African Brightness & Swiss Modesty: A Conversation with Swiss Photographer Namsa Leuba
Namsa Leuba is a photographer and art director with Swiss and Guinean roots. Her very first solo exhibition in the United States is currently on display at the Halsey Institute of Contemporary Art in Charleston, SC. The exhibition titled “Crossed Looks” is a retrospective of Leuba’s work and features over 90 photos from her projects in Guinea, South Africa, Nigeria, Benin, and Tahiti. Curated by Joseph Gergel, longtime friend of Leuba and native of South Carolina, the show runs through December 11, 2021. Leuba is known for her unique images visualizing African identity seen through the Western eyes, as she grew up in Switzerland.
In a conversation with the Consulate General of Switzerland in Atlanta, Namsa Leuba talked about her exhibition in Charleston, the experience of immersing herself in distant cultures, and the return to exploring her Swiss heritage during the pandemic.
What does it mean to you to have your very first solo exhibition in the United States?
It is very exciting of course. I think it is a big opportunity for me to show my work, in particular also to the African-American community after what has happened with the Black Lives Matter movement in the U.S. I think it is great. 10 years ago, I did a re-enactment of the Black Panthers, and it shows that that work is still very relevant today.
When did you know that you wanted to become a photographer?
It was in my early 20s, when I studied at the School of Applied Arts in La Chaux-de-Fonds. I took a photography lesson and realized that this is what I wanted to do. After graduating, I went on to study Visual Communication in the Photography Section at ECAL (École cantonale d’art de Lausanne). Photography is the perfect medium for me to express myself. I find it true that a picture is worth a thousand words.
You have photographed in a variety of faraway countries over the last few years. How much time do you spend in these countries and how do you get acquainted with their culture?
Most of the time, I stay between 2 months and 3 years in one place. It is not like I just go there to take photos and then come back after a few days. Spending time meeting people and getting totally immersed in the local culture is very important. I speak with a lot of people and also practice rituals since my work often includes religious aspects. It is crucial to me to understand my subject, which certainly requires a lot of time. In the smaller villages in Africa where neither French nor English is spoken, I also have an assistant with me who helps by translating the local dialects.
What determines the focus and destination for your projects?
With my first project in Guinea, it was the interest in my religion on my mother’s side. In South Africa, I think it was the complex history of Apartheid that appealed to me. And in Benin, it was the voodoo. Africa is not a country, but a continent and we don’t have the same perspective from East to West and North to South. The cultures are very different, and for me that is extremely interesting. Equally diverse are the reactions I get for my work in the various countries.
What are the reactions you get from the local communities where you conduct your artistic work?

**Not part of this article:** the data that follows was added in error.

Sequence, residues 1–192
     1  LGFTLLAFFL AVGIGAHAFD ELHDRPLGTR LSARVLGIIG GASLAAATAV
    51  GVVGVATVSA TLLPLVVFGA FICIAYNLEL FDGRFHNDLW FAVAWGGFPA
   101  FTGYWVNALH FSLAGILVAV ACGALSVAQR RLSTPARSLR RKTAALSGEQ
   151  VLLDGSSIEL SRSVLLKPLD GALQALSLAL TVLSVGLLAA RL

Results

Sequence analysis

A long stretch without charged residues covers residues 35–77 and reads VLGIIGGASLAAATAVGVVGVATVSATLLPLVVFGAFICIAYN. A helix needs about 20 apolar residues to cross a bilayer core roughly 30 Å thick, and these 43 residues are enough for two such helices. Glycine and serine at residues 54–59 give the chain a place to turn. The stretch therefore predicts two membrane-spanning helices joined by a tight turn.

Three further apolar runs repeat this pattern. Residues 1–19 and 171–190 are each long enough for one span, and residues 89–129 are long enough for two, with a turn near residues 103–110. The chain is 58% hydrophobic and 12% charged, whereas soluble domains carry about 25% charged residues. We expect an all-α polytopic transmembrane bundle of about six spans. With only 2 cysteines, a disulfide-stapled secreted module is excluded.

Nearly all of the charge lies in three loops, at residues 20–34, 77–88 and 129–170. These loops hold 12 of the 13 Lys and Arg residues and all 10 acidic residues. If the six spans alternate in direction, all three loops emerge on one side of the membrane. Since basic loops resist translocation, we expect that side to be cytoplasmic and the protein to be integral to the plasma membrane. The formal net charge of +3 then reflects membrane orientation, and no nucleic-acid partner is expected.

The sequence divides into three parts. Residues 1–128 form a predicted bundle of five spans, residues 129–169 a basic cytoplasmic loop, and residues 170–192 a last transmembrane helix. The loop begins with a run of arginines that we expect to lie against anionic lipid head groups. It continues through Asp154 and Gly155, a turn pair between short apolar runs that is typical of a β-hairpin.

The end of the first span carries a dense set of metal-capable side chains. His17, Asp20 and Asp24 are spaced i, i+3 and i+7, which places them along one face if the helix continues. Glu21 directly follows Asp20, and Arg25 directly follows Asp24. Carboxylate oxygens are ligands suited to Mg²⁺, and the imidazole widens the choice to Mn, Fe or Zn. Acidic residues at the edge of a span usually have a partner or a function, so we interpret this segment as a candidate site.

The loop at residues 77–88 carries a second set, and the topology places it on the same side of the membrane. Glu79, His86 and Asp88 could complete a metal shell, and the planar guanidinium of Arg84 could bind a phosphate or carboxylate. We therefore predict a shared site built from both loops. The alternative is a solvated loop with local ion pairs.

The reactions vary greatly depending on the audience. For instance, when I was in Guinea, I had some violent reactions because my work was perceived as a sacrilege. In my photography, I don’t reflect the reality, but rather one perception of it. I like playing with exoticism, with stereotypes and reinventing things into something contemporary to give it another authenticity. What I create is called “docu-fiction” because it doesn’t exist. In this particular case, I took an artifact form the Guinean cosmogony and I decontextualized the artifact to put in a different context. Because it is about religion I can understand if people feel agitated if they don’t know the global artistic thought behind it. As a result, it is always important to be with the right people who can explain the circumstance and intention of the art project. Beyond that, I think it also helps that I am of African heritage myself, which allows me to experiment a bit further.
How does your Guinean and your Swiss heritage inform your work?
My African heritage definitely informs my work in everything that speaks about rituals, experiences on the field, traditions, and religion. Additionally, I would say that my African side also shines through when we look at the use of color and brightness in my work. What makes my Swiss heritage noticeable is my rigorousness and my modesty. I think being reserved and humble is a characteristic all Swiss people share.
After several projects on the continent of Africa you shifted your focus to French Polynesia for your last project. What is next on your agenda?
Yes, for French Polynesia, I wanted to do something different, to experience something new and to meet other people, another culture. Although, the project still centered on my overarching theme of identity. I think that opened my mind to do something different. In addition, I have been very limited recently with travel due to the pandemic. I was confronted with the question, what I could do in Europe. In doing so, I focused a bit more on my Swiss origins and my European side. I also worked with La Prairie on a commission and this summer on a project for the New York Times. Besides, I have been experimenting with some other mediums such as tapestry. In 2022, I will have an exhibition in Switzerland, and my goal is to come up with something new instead of just showing African pictures. It is very interesting since this is a bit of a new phase of my life.
Visit the website of the Halsey Institute of Contemporary Art for more information about the show “Crossed Looks” in Charleston and a virtual experience of the exhibit.